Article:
To gain a real impression of Macduff, you should find your way up to Doune Church, which stands on a hill high above the harbour. This can be reached either from the centre of the town, or up a minor road slanting above the main road as iut comes in from Banff Bridge.
The church was built in 1805, though most of its very striking appearance dates back to a major rebuild undertaken in 1865. Nearby is a little park surrounding an anchor placed at the brow of the hill. From here you can look right down on Macduff and clearly see the relationship between the town and its harbour. On a nice day this is a wonderful spot from which to watch the comings and goings of a busy fishing port. Near to Doune Church is the octagonal granite war memorial built in 1920 and looking for all the world like the rook from a very large chess set. (Continues below image...)
A harbour was first built in Macduff in 1760, though at the time the village was known by its original name of Doune. It became Macduff in 1783: the family name of the landowner, Lord Fife, was Duff. The residents at the time suggested a compromise name of "Douneduff", but it is said that this sounded too much like "Doon with the Duffs" for Lord Fife to accept. He went on to spend £5,000, a large amount in the day, significantly extending the harbour. Further expansion continued through the 1800s, and fishing continued to be central to the economic health of Macduff.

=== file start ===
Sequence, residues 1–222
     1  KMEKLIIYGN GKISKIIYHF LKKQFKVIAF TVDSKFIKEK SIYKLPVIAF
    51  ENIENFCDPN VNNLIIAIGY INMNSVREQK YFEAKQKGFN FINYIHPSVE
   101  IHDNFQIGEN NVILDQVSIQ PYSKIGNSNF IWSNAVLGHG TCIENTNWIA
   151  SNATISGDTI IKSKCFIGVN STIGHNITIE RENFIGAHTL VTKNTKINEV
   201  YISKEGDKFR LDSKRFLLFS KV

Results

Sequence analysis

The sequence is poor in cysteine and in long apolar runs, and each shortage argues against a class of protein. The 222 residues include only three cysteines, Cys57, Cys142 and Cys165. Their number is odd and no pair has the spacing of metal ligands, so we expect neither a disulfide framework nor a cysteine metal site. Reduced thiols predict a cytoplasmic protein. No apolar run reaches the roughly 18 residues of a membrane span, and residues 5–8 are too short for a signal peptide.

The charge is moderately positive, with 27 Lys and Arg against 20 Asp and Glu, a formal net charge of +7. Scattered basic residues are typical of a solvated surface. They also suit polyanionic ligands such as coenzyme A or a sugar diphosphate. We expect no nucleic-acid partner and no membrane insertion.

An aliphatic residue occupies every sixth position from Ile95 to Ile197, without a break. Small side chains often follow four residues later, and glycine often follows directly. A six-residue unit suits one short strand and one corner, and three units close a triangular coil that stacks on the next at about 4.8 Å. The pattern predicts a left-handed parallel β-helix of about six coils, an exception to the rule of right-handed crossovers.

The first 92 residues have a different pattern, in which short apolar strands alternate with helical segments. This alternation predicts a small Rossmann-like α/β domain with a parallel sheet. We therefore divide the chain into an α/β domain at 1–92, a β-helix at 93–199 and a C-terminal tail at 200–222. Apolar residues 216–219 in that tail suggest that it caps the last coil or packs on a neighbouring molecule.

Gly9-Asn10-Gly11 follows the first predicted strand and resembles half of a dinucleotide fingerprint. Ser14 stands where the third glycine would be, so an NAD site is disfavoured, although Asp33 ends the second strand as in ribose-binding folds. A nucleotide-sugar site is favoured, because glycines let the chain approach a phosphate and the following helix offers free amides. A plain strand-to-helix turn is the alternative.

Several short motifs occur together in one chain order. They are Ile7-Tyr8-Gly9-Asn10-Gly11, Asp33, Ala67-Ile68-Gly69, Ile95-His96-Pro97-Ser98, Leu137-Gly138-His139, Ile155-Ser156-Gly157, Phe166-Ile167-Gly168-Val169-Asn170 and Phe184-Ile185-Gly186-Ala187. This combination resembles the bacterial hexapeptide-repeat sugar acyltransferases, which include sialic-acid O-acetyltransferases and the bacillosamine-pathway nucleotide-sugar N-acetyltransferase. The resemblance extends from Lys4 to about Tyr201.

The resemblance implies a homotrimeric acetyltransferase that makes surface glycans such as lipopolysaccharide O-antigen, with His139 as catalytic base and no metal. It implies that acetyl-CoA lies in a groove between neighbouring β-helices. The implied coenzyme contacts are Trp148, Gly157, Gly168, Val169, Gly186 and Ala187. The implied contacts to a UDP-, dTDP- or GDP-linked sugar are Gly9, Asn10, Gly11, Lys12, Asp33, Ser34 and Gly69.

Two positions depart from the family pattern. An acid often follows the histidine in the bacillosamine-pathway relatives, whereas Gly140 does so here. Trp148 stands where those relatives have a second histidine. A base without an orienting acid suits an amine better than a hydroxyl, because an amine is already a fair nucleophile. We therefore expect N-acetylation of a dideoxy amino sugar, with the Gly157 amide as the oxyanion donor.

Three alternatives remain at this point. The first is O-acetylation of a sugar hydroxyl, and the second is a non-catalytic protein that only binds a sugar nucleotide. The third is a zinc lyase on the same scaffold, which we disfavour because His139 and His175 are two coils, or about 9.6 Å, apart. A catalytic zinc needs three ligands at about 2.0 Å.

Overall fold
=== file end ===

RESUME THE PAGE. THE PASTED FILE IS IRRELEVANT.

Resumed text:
Lovers of boats will inevitably find their way to the harbour, which in any case has the main road through the town running immediately alongside it. Here you can happily while away the odd hour or two looking at the boats and listening to the gulls and to the hum of a busy port. Apart from the harbour itself, the town's principal visitor attraction is the Macduff Marine Aquarium, overlooking the shore to the east of the harbour.
Heading west from Macduff brigs you round Banff Bay to the valley of the River Deveron and Banff on the far side of it. This unpredictable river was only finally tamed by the seven-arched bridge completed in 1799 by John Smeaton, whose other claims to fame included the Eddystone Lighthouse. An earlier bridge had been built here in 1765, but it was swept away in 1768. The old ferry that the earlier bridge had replaced was brought back into use, until it was lost in a flood in 1773.